The organ sound continues on the guitarist’s first few recordings for Creed Taylor (on his “CTI” label), who would eventually do to Mr. Benson what he had done to Wes Montgomery a decade earlier. The arrangement of Miles’s “So What” for organ, guitar, Ron Carter’s bass and Jack DeJohnette on drums is simply wonderful: a rock groove under the famous melody, then half-time swing blossoming into straight four-four on the solos. “Ode to a Kudu” (also from the disc Beyond the Blue Horizon) is la ovely tone poem by the same quartet. And the addition of “Sugar” from a sparking Stanley Turrentine jam-session date is a fine touch, with Mr. Benson delivering another memorable solo on a minor blues structure.
His solo is much less memorable on “Paraphernalia”, the Wayne Shorter tune that Benson recorded with a Miles Davis quintet in 1988. He’s obviously uncomfortable with the somewhat open-ended structure of the tune, and his comping on the head sounds out of sync with Herbie Hancock’s figure. His solo is typically strong on melody (not despite of, but because of the lack of chord changes to play over), but there’s little surprise that Benson did not play with the group again.
In its second half, The Essential moves into Mr. Benson’s commercial phase. Less proto-smoove jazz than a case of over-production and over-calculation, these CTI sides are intriguing even if they’re not fully successful. “California Dreamin'” is drenched in a Don Sebesky arrangement, including a Hubert Laws flute feature, and comes off less as a piece of pop exploitation than as a kind of chamber jazz. “White Rabbit”, the Jefferson Airplane tune, is the same odd combination, with Benson sounding tentative and muted as he plucks out the melody and stabs at his solo. A million times better are “Body Talk” and a skittering version of “Take Five”, where the solos are serpentine and flowing. “Body Talk” is little more than a funk ostinato with a short bridge and set of tasty horn parts, but Benson makes the most of it, carving out melodies over one chord like a bluesy Mozart. The 5/4 groove of the Paul Desmond tune doesn’t make Benson flinch at all, and both songs are made richer by superb contrast solos on Fender Rhodes electric piano by Harold Mabern and Kenny Barron, respectively. These were the kind of tracks that made CTI an oasis for young jazz fans at a time (the early 1970s) when mainstream jazz was not being recorded much.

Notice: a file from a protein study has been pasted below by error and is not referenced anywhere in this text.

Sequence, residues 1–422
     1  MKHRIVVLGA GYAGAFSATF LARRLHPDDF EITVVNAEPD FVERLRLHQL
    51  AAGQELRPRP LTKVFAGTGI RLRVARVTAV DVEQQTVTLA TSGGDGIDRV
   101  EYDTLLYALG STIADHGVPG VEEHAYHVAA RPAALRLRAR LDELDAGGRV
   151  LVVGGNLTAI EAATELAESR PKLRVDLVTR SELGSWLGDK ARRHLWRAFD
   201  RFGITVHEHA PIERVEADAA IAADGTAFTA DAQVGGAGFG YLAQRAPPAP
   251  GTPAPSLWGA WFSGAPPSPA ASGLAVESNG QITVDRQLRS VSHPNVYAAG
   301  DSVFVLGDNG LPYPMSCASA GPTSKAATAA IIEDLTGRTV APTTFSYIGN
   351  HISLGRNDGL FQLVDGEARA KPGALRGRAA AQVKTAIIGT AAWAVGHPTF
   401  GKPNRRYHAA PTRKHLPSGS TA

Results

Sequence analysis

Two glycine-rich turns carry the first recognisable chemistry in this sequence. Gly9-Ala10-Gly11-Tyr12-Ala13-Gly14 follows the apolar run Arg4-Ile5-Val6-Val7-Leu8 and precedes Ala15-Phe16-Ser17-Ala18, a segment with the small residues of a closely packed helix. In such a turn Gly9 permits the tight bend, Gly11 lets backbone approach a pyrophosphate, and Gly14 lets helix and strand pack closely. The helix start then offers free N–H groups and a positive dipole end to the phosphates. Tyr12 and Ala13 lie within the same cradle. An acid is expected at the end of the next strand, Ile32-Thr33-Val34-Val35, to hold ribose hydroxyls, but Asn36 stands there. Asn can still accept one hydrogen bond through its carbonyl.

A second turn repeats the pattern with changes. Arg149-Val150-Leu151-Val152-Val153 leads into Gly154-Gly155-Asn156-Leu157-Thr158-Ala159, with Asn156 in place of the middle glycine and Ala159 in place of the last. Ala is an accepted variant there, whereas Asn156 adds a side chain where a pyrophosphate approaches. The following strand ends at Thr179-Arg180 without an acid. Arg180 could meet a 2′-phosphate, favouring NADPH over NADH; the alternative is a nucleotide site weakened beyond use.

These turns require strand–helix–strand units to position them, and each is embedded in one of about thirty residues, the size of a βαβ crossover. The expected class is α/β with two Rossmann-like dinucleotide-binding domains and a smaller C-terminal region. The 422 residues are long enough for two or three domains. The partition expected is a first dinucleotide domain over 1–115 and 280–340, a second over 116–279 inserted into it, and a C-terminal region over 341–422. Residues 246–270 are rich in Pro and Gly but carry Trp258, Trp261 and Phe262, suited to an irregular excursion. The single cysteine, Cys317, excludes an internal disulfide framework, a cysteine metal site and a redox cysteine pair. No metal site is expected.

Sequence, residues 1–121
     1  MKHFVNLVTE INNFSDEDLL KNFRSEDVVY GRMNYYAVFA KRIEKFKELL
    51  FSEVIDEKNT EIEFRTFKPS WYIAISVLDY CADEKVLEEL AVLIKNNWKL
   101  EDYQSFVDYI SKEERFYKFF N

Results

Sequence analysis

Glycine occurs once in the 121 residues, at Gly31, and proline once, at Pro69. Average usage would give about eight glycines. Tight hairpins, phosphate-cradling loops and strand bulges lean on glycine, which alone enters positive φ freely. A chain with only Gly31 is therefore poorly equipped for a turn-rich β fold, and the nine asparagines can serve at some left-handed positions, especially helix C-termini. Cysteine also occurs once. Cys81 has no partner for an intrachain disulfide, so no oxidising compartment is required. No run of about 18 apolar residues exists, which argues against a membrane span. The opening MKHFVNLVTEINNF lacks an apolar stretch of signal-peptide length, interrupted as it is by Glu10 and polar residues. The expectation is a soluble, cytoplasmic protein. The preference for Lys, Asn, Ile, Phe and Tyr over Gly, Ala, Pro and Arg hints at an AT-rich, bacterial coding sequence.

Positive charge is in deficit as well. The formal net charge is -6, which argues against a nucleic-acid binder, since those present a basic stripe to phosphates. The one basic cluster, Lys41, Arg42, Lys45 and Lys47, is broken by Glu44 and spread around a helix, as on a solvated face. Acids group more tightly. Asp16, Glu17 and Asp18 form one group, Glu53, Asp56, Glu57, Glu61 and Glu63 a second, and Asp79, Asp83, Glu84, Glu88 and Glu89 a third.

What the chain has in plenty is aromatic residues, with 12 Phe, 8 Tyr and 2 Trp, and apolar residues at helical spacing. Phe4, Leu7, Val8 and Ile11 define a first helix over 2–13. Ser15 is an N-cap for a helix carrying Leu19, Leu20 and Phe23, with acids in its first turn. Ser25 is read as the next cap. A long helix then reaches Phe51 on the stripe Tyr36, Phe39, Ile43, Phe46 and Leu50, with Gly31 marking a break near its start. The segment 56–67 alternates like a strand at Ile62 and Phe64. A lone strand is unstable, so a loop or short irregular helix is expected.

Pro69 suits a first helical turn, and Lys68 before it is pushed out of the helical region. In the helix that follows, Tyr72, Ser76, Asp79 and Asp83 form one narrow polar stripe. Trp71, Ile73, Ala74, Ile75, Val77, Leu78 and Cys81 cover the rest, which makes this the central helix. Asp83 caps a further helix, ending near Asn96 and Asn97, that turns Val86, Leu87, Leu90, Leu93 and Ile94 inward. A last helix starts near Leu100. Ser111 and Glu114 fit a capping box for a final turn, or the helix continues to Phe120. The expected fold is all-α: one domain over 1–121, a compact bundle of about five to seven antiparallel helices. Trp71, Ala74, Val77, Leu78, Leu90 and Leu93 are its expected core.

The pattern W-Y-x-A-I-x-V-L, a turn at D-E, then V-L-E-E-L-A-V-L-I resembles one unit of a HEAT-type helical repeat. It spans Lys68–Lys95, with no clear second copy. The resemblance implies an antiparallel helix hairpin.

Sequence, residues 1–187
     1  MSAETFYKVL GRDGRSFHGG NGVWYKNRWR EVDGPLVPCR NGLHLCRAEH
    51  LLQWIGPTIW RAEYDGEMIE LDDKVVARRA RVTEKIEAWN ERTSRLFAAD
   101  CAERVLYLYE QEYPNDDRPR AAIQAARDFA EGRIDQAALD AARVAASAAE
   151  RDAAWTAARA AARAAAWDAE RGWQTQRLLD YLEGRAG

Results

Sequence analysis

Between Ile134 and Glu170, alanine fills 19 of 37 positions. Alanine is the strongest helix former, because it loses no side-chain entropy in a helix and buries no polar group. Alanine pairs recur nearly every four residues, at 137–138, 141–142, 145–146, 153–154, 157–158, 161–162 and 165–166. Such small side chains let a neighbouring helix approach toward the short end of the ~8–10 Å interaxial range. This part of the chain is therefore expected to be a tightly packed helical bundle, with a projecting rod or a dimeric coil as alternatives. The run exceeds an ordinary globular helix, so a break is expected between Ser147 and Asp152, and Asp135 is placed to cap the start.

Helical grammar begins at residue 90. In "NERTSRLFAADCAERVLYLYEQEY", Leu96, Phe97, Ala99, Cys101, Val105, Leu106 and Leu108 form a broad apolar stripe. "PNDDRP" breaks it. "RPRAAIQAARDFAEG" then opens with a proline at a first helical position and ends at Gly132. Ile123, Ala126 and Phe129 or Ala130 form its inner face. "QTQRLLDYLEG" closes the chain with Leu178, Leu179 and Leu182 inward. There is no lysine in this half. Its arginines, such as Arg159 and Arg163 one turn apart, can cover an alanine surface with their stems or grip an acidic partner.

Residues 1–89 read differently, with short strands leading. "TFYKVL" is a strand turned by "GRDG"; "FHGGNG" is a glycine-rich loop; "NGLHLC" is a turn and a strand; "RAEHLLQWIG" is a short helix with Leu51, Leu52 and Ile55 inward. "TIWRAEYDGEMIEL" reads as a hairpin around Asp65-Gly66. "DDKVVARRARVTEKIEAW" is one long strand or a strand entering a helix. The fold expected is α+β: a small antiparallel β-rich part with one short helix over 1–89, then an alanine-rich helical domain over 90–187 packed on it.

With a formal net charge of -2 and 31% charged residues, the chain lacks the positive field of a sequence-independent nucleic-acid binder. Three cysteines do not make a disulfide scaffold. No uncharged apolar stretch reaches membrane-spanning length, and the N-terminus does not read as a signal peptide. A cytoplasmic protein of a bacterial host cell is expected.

Creed Taylor didn’t neglect Mr. Benson’s voice either, featuring it on a concert recording of “Summertime”. Here, Benson sounds relaxed and soulful (if drenched in over-dramatic strings), and we hear for the first time his trademark scat-guitar improvising style. He wordlessly sings along with his playing and infuses the ballad with some desperately needed juice. The trick was so good that it carried over to Mr. Benson’s first record with Warner Brothers, the crossover hit Breezin’. Here we get the title track, an easy listening Bobby Womack instrumental that Mr. Benson could play in his sleep, and the smash “This Masquerade”, where all the ingredients truly came together for the guitarist-aspiring-pop-star. For the first time, Mr. Benson’s vocal is perfectly balanced (soulful, jazzy, high but masculine) and the accompaniment — acoustic piano, electric bass, tasteful strings, and of course guitar — is pop without schmaltz. Mr. Benson’s guitar solo is typically direct, and the piano solo by Jorge Dalto competes for your memory as well. With some scat/guitar on the out-chorus, it is essentially a perfect record (if not a perfect jazz record).